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Gargantua Program Notes

By  Kathryn J Allwine Bacasmot

Arnold Schoenberg (1874-1951) is arguably one of the most complex figures to appear on the scene of 20th century music, an era that reflected an equally complex world in the midst of massive political and social upheaval. Ideas were very important to Schoenberg and he was equipped to pair his ideas with actions that would change the way music was composed, considered and heard. A prolific writer, his prose illuminates the concepts that fueled his creativity (and are recommended reading to better understand his music, which can sometimes seem cerebral and opaque). In one 1946 essay, New Music, Outmoded Music, Style and Idea, he wrote: 

It is very regrettable that so many contemporary composers care so much about style and so little about idea. From this came such notions as the attempt to compose in the ancient styles, using their mannerisms, limiting oneself to the little that one can thus express and to the insignificance of the music configurations which can be produced with such equipment...no mathematician would invent something new in mathematics just to flatter the masses who do not possess the specific mathematical way of thinking, and in the same manner, no artist, no poet, no philosopher and musician whose thinking occurs in the highest sphere would degenerate into vulgarity in order to comply with a slogan such as ‘Art for All.’ Because if it is art, it is not for all, and if it is for all, it is not art.

This did not mean that he was particularly averse to the music of the past; in fact, he was a proponent of various older composers whom he viewed as being inventors, or evangelists, of their own ideas (his love for Bach and hailing of Brahms as more “the Progressive” than Wagner are good examples).  What he disliked was when ideas became tired and threadbare through overuse. 

Based on Richard Dehmel’s poem, Verklärte Nacht (read this evening in a translation by Mary Whittall), the heart of Schoenberg’s score beats in rhythm with the dialogue in five stanzas. A woman (represented by the viola) and a man (represented by the cello) journey physically and spiritually as individuals and as a couple when they take a moonlit  stroll and she offers her lover the stunning and risky confession that she is pregnant with the child of another man. Illumination in the dark is the metaphorical center of this “Bright night.” This is a work about events and outcomes: the weight of searing guilt and the buoyant balm of mercy. It balances on the razor’s edge between terror and beauty. Abated is a dark night of the soul when, in a transcendent moment her lover reiterates his love and speaks of the baby as his own. Musically Verklärte Nacht is a thread Schoenberg ran through “Impressionism,” Brahms and Wagner, sewing together and transfiguring their elements of symbolism, developing variation, and grand scale. His idea here was to forgo straight programmatic music that sonically describes the action of the poem, and instead depict something more ambiguous: mood. The musical language of Verklärte Nacht has Wagner’s syntax of perpetually sliding key centers, but the delivery seems to strike the ear as more deliberate and clarified. The sentiment of the poem is conveyed but the music evades becoming sentimental. It calls forth the dramatic power of emotion without necessarily exploiting it.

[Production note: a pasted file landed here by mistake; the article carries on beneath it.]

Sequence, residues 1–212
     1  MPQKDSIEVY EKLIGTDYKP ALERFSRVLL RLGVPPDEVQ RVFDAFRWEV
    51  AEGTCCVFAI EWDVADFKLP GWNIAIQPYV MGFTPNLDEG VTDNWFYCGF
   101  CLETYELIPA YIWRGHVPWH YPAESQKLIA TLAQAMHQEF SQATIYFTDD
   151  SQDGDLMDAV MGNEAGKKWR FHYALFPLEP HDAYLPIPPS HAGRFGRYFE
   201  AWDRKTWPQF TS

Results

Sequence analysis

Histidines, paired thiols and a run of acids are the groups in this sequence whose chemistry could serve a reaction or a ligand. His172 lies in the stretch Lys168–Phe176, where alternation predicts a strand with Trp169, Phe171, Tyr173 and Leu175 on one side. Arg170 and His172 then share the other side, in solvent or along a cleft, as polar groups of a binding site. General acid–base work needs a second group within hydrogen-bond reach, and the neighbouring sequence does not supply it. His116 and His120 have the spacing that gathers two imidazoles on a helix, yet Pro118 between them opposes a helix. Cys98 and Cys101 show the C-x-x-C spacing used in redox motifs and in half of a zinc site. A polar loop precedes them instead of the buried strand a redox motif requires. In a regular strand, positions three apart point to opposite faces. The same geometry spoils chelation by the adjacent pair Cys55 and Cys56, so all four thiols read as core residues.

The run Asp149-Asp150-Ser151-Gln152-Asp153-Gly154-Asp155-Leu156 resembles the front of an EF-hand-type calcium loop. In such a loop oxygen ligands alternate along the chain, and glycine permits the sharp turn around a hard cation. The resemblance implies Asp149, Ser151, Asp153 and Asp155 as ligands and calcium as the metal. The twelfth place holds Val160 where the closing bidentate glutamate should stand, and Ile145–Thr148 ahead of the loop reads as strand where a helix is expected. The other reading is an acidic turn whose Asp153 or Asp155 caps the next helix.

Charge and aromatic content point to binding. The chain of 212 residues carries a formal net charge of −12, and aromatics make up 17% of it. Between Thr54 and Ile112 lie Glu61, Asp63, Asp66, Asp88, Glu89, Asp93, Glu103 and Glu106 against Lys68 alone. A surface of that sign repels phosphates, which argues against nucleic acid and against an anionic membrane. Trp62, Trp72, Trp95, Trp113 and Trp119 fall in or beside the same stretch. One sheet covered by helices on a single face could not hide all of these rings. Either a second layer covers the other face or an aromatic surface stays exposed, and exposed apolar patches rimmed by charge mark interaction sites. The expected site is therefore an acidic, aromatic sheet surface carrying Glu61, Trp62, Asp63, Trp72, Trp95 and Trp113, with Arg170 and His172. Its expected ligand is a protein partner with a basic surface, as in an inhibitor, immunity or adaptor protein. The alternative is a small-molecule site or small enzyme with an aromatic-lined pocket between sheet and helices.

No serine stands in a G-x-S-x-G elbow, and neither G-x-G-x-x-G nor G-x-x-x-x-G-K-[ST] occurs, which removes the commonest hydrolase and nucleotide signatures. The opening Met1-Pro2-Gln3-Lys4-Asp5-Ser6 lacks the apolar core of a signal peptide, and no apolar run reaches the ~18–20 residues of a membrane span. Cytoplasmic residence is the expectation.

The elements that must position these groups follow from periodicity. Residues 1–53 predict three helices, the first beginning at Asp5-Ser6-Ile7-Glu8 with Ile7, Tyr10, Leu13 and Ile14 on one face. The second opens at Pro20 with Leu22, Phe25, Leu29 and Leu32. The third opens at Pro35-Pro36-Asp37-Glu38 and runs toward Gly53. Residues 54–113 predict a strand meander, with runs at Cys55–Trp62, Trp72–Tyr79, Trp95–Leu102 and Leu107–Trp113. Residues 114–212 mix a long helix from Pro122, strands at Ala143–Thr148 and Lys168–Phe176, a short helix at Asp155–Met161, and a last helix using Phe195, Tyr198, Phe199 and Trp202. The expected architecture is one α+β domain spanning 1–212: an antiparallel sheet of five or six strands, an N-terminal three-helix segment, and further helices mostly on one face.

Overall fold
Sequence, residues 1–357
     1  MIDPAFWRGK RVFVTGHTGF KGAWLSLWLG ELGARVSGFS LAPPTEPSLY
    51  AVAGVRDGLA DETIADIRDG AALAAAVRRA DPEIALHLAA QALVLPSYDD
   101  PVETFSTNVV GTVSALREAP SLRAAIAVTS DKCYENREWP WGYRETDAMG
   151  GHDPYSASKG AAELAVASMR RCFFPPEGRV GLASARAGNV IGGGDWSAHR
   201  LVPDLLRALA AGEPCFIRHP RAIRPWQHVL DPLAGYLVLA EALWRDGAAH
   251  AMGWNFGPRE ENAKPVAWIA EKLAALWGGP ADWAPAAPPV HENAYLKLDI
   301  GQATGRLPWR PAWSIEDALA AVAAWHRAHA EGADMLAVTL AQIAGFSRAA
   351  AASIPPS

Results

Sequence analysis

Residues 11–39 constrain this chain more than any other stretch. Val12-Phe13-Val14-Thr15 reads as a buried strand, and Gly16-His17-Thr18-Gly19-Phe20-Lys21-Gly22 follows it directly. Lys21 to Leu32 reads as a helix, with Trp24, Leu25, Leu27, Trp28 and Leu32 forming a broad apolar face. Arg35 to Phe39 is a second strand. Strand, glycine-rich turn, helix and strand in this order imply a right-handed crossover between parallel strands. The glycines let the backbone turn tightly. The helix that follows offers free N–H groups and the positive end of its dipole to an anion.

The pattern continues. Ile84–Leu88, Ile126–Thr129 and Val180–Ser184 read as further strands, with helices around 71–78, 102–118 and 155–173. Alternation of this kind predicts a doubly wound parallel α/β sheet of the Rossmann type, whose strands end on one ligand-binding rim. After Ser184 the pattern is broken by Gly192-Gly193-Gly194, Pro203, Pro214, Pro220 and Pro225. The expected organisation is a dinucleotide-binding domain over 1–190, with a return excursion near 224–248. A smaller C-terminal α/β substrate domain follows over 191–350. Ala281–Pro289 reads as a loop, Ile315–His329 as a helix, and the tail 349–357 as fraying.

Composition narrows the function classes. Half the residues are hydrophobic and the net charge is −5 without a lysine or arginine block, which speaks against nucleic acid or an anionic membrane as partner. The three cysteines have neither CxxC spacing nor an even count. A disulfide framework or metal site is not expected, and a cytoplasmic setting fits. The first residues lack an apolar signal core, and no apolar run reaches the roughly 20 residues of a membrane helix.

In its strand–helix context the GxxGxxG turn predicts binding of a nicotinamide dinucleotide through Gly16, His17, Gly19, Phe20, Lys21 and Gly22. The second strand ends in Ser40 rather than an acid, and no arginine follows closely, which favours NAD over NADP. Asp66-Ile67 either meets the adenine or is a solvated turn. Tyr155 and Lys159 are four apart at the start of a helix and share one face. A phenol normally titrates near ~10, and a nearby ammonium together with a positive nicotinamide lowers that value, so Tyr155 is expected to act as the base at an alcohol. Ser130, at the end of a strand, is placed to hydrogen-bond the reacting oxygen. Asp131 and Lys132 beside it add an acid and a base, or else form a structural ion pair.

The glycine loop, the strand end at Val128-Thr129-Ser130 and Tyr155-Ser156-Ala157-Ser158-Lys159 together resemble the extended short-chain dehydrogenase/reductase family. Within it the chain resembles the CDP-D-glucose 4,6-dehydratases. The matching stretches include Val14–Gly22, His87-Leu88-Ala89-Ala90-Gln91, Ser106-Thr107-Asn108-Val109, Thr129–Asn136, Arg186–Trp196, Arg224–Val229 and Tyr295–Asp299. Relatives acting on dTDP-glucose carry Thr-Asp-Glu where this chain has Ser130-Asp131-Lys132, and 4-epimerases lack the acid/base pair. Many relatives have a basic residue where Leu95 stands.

Inagurating the “How to Cause A Scene” chapter in the Strauss & Stravinsky Riot Playbook, Verklärte Nacht for string sextet had an eventful premiere on March 18, 1902: the audience “hissed and caused riots and fist fights,” as the composer documented. This may mystify us, because for our 21st century ears Verklärte Nacht is romantic and lyrical in comparison to Schoenberg’s later 12-tone works and the sounds of Stockhausen and Varèse. But at the time, the audience was less accustomed to its sound world (for further context, Strauss’ opera Salome, which was greeted with a “riot” came three years after Verklärte Nacht). Fifteen years later, in 1917, Schoenberg expanded its textures for string orchestra, which is now the most frequently performed version. 

Jean Françaix (1912-1997) :: Les Inestimables Chroniques du Bon Géant Gargantua (1971)

Ravel noted to Jean Françaix’s father, a composer, musicologist, pianist and Director of the Le Mans Conservatoire: “Among the child’s gifts I observe above all the most fruitful an artist can possess, that of curiosity: you must not stifle these precious gifts now or ever, or risk letting this young sensibility wither.” Taking the advice to heart, and observing his son’s obvious talents, his father soon had Jean studying composition with the venerable Nadia Boulanger, and by age eighteen he accomplished the thing Ravel never could: winning the premier prix as a pianist at the Paris Conservatoire where he studied with Isidore Philipp.